Activity for Career Advisors/ Coaches: How to implement an Appreciative Interview ─ Introducing Appreciative Interview to LTU as a Coach: “I will be asking you questions about times when things were working in perfect conditions and why that was the case, because the more we know about what makes things work well, the more we can improve our performances in the future. I won’t be asking about problems or searching for ways to fix them. Instead, I need to hear about what is working well and the factors that make things work well; so if the interview strays a bit off-track, that’s what we can bring it back to. What these interviews are working towards is to help us understand the key factors that really give life to intrapreneurship. Do you have any questions?” ― Focus on asking questions about times when your interlocutor was watching things working out in the BEST way. Ask when, where, who, how; ― Be genuinely curious about their experiences, thoughts and feelings. Do not share your own experience; ― Some people will take longer to think about their answers – allow for silence; ― If somebody doesn’t want to or can’t answer any of the interview questions, that’s OK, let it go; ― Listen carefully so you can retell the highlights; ― Help them prioritize; ― Sit face to face, if possible; ― It’s not just the questions, it’s how you ask them: The non-verbal elements of your communication (voice tone, body language, the surroundings of the interview) form a meta-message which influences people’s emotional state and shapes their expectations about the value and genuineness of the exercise. When you are genuinely focused and interested, the interviewee will experience being fully heard and understood, so empathy will develop rapidly; ― You are after stories, not opinions or analysis: You want the interviewee to relive the experiences they are talking about and tell you what they thought and felt at the time, rather than examining them in a detached way and telling you what they think about them now. This way, you will get genuine rapport and it will be easier to develop mutual trust. What’s more, you will get genuine experiences rather than the ‘official line’ of what the interviewee thinks you want to hear; ― Once you have the story, move on to values and wishes: The motivating power of values, life-giving factors and wishes comes from their emotional charge. The emotions that the interviewees’ stories awake in them will enable them to identify both what is really important about those experiences and what they want for the future;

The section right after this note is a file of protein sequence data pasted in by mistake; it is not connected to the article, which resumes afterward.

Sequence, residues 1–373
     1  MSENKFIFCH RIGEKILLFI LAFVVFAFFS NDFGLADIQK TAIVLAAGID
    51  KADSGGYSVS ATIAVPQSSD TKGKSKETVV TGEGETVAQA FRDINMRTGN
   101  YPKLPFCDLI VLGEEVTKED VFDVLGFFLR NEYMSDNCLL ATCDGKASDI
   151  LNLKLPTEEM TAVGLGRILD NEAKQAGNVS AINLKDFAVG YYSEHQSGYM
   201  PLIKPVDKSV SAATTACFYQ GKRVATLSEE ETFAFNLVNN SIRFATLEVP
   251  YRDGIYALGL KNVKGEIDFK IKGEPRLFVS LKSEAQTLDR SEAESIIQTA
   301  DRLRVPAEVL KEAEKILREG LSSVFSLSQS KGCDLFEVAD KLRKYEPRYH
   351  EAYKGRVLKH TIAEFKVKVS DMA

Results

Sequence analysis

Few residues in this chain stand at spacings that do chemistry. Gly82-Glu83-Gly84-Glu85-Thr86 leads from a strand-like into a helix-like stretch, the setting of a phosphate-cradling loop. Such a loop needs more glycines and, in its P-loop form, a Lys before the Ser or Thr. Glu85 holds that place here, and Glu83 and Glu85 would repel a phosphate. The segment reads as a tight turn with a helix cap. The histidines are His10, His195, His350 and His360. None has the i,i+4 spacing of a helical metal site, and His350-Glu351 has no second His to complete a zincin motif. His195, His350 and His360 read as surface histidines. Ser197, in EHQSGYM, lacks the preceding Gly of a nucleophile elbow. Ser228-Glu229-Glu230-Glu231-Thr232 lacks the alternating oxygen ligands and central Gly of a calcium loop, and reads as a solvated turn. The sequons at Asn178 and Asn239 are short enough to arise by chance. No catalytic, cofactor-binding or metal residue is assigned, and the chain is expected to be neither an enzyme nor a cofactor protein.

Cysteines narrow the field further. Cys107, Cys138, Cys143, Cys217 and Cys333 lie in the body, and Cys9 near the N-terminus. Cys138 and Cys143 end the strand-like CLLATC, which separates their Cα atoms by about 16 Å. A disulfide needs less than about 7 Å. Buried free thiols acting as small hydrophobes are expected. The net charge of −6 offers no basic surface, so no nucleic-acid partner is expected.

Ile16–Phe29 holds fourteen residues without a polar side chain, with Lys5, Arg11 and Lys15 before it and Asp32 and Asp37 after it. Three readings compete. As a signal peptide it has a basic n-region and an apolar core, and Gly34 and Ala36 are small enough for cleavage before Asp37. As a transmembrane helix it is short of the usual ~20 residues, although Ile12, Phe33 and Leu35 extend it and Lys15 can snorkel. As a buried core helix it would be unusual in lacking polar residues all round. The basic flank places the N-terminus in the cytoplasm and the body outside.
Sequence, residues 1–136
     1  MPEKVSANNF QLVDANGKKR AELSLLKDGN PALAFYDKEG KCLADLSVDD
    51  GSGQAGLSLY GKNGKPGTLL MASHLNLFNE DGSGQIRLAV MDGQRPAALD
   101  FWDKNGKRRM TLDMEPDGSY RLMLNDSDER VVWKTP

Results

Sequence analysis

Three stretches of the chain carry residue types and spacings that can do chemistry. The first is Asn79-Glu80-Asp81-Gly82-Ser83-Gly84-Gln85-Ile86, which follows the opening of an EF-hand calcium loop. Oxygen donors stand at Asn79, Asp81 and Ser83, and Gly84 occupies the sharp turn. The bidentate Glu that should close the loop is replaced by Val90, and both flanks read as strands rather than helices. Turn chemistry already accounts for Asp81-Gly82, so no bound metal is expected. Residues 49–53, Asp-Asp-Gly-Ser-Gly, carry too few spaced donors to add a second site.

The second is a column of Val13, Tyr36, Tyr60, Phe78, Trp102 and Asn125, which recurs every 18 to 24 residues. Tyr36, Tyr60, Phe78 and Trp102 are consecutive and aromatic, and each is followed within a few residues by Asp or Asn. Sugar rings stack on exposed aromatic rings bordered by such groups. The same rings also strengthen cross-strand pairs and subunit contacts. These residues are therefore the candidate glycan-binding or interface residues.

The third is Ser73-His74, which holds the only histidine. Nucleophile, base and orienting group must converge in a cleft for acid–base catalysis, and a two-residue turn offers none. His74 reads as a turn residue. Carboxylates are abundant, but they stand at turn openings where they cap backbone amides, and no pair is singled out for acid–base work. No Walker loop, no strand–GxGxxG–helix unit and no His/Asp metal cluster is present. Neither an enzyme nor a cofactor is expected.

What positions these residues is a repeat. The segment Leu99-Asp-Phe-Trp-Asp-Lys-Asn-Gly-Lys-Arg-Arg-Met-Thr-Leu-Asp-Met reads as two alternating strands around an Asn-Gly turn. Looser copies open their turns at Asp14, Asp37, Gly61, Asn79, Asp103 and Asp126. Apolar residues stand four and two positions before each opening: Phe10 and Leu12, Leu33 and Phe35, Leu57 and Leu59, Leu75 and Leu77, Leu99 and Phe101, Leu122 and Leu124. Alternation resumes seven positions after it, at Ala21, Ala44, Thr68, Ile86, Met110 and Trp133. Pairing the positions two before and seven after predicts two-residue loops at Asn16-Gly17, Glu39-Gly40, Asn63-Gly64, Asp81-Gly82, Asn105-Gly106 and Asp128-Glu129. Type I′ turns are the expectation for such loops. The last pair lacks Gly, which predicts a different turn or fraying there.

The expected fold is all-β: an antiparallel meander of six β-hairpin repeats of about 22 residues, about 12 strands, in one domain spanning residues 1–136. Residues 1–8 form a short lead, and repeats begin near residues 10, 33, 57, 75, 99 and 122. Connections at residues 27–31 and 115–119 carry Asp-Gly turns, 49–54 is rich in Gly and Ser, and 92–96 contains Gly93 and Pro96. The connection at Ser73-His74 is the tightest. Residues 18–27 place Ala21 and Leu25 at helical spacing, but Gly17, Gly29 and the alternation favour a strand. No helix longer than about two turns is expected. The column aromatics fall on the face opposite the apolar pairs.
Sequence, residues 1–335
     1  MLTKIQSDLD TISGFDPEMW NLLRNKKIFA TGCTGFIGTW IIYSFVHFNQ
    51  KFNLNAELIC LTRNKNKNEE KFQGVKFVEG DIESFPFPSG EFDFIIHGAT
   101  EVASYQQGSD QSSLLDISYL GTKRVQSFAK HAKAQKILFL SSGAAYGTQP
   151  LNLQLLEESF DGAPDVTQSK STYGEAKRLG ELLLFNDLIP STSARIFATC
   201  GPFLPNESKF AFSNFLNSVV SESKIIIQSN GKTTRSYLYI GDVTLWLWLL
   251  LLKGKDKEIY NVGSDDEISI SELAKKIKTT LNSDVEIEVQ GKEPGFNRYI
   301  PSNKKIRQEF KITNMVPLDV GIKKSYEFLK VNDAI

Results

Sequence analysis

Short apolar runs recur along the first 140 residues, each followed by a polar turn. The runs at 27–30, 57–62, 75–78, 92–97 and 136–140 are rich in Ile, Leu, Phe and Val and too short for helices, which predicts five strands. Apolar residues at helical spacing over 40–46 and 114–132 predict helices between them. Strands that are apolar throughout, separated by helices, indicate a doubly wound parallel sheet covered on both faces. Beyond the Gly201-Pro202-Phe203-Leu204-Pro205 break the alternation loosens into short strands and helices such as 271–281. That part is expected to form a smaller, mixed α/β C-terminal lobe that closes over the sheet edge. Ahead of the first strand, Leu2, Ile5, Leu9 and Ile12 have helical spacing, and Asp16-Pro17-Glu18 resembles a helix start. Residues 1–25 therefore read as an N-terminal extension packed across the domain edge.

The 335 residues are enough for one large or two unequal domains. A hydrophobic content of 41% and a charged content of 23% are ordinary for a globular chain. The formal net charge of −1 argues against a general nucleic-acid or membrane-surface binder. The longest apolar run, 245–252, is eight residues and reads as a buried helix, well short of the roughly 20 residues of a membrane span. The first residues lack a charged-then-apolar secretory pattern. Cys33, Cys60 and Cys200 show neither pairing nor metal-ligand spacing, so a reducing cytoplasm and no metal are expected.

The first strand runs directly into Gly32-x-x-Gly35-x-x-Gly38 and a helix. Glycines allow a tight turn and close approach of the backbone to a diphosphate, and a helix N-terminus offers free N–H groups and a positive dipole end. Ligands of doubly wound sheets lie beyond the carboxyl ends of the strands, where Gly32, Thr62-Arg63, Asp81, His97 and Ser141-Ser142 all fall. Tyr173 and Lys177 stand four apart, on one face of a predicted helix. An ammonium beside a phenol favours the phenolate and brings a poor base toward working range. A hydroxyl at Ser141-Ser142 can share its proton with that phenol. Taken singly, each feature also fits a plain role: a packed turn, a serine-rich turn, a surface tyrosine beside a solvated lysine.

― Deal with negativity: Sometimes people need to express their negative thoughts/experiences/opinions first. Say that you will make a note of any ‘negative’ issues and come back to them later. The negatives can be discussed in terms of what the LTU would like to see instead. Deal with Negativity by using:

Empathic listening: Allow the LTU to air their problems until they run out of steam, accepting their right to feel this way, but without sympathizing (which could reinforce their negativity). If they are not allowed to do this, you may not get any appreciative data from them. It is important to remain positive yourself so that you don’t get dragged down by their negativity;

Return to the positive: After listening to a problem, say you are going back to focus on when things are working well, even if it was just a brief moment;

Reframe: Everything that people find wrong represents an absence of something they regard as ideal, so you can ask them ‘what would it look like if this was working well?’ or ‘what would you want instead of this?’

Introducing the appropriate questions (short version): ─

Start with, “Tell me a story about a time when….”

Continue with “Tell me more”

Why do you feel that way?

Why was that important to you?

How did that affect you?

What was your contribution?

How has it changed you?

What do think was really making it work?

What was the organization doing that helped you do this? For example: information systems, leadership, resources, structures.

― Introducing the appropriate questions (longer version): ─

Tell me one thing that you are really proud of. Considering all of your objectives, what are you proud of, what have you accomplished, and what are you doing that works? What have you done in your whole career that you are most proud of and why?

Please share the story of what you consider your most outstanding, significant professional achievement. What about you made this achievement important/ possible?